Yeah. That's what people should be doing for their brand. Because again, if you have to redesign that brain to keep up with the times you're doing a disservice to the brand, because it's a boat a lot more than just keeping up your logo and your wordmark and your brand, like that's what ad campaigns and all the Facebook marketing, social media marketing is for like, keep up with the trends that way. Don't worry about the company brand itself. The company brand has to be deeper than that. Again, not, I'm not saying don't ever use trendy fonts and there's not a place for it because it's stupid to think that I'm not, I'm absolutely not saying that. It's just, you've got to know where and how to use them. Right. Use them as a headline font, maybe on your website or, on an ad. Right. Like something that's intentionally, it was going to outdate, that it's timestamps, so jump on it, for it, what I mean? Like if your whole campaign is something trendy about, I don't know, small cafes use flipping lobster font, if it's something about speed, you, something that looks fast. 


Right. But, it's only a short time and it just has to help, reemphasize that message. Jump on that trend, font and wagon and use that font. Yeah. Maybe a campaign, maybe a piece of literature, a hitters on a website, some quick social media types of something that, is not going to be as critical as your corporate brand. Yeah. Our logo, or maybe even as part of like your, a brand guidelines, like don't commit. 


Trendy, France. 


To something that should stand the test of time. Yeah. That's, that's my whole point.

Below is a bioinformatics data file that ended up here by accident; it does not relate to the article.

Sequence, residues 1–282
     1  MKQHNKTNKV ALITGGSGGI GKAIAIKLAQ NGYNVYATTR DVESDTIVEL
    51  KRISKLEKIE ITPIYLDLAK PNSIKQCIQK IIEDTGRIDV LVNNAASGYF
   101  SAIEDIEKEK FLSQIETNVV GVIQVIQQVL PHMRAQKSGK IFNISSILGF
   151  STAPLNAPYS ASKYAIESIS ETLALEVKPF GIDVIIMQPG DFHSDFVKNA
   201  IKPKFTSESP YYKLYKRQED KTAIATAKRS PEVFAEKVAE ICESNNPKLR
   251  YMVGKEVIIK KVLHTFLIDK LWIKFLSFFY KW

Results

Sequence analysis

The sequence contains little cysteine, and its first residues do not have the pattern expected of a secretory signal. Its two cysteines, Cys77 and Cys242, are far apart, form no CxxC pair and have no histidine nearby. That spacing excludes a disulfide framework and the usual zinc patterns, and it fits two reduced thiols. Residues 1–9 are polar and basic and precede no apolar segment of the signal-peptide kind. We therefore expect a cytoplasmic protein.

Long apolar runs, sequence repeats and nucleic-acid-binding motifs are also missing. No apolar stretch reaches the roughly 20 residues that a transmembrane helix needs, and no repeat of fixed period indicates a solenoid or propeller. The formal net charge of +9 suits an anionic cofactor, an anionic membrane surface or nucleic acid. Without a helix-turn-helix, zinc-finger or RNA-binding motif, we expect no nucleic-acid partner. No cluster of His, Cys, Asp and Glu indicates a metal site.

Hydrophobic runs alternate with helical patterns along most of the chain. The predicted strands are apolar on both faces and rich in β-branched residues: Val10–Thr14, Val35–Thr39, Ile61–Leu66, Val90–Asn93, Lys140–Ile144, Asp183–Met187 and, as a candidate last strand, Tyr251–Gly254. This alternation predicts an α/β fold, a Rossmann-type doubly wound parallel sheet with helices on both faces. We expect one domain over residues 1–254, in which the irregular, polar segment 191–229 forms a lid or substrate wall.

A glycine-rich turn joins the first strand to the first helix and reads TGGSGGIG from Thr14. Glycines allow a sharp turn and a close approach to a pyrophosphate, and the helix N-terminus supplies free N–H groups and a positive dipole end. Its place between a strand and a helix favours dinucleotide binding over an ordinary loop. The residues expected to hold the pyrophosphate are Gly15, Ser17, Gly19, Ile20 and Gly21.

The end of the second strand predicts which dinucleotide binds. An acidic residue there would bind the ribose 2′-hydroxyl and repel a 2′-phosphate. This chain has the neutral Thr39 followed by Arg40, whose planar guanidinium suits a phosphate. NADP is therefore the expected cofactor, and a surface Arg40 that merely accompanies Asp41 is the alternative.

Yeah. I would agree. We on that with you on that one, for sure. Yeah. What are your thoughts on impact you familiar with that. 


You don't want, Sean, that's funny. I was trying to come up with my list of the bad fonts I saw impact. And I personally hate it. I, that there's better versions of it these days, 


But I know you like it. I like the impact that impact fund Gibbs. I just find the spaces just too tight. So, you, would, you with your glasses, sir had issues reading that just cause it's so damn tight. 


No, it's funny because it's funny that with this conversation it's like every meme ever has impact. Right. Does, right. That overexposure? Is this, why is this why people aren't liking this? 


That's what, why people are starting to, this is an interesting theory going from my list and my list, what makes a bad font it's used too much to not bounce will impact is balanced because all the letters are basically squares and tight. But is it unreadable? Yes. 


I'm quick glance impacted. 


It is very difficult to track it really. 


All fairness though, we have used impact in the past. As the basis of a lot of the word marks that we've created some of the word marks, but we separate, we give it some more letters to space, a bit more air. We do some things with it because again, some of the faults on that font, but it's a classic font, but some of the faults or the spacing is very tight.